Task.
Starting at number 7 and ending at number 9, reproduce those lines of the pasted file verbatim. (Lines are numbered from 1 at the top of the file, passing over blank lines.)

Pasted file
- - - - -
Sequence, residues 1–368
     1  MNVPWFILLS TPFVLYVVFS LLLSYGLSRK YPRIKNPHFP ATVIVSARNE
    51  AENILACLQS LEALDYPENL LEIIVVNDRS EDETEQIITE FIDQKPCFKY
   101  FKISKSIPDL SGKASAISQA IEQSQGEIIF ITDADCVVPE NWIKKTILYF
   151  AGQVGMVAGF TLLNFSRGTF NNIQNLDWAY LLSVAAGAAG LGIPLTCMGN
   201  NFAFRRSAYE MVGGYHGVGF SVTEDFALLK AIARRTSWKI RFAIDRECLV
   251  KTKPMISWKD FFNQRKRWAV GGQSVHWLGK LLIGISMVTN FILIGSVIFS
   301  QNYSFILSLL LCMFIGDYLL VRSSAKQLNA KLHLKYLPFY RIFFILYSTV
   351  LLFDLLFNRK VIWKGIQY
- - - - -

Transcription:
   251  KTKPMISWKD FFNQRKRWAV GGQSVHWLGK LLIGISMVTN FILIGSVIFS
   301  QNYSFILSLL LCMFIGDYLL VRSSAKQLNA KLHLKYLPFY RIFFILYSTV
   351  LLFDLLFNRK VIWKGIQY